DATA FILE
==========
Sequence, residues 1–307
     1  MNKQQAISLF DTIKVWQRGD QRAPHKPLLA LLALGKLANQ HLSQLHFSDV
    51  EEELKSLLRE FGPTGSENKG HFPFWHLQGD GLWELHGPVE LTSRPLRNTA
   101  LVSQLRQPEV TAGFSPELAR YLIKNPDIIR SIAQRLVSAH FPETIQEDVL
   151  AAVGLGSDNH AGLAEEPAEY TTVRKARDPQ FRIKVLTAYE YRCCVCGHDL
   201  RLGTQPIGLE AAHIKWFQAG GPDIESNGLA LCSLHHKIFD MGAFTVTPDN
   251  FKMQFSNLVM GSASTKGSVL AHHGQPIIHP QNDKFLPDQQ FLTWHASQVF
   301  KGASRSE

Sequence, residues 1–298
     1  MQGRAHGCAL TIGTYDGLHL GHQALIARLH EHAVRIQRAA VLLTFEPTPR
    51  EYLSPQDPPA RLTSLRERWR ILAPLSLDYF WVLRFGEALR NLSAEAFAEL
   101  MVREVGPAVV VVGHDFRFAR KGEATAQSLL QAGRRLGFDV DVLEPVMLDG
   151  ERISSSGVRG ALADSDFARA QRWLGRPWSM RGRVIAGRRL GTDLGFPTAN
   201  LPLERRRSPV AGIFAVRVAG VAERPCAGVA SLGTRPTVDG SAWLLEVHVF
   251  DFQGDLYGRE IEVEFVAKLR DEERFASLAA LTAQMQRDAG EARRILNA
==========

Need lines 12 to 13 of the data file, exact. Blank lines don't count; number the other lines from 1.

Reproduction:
   101  MVREVGPAVV VVGHDFRFAR KGEATAQSLL QAGRRLGFDV DVLEPVMLDG
   151  ERISSSGVRG ALADSDFARA QRWLGRPWSM RGRVIAGRRL GTDLGFPTAN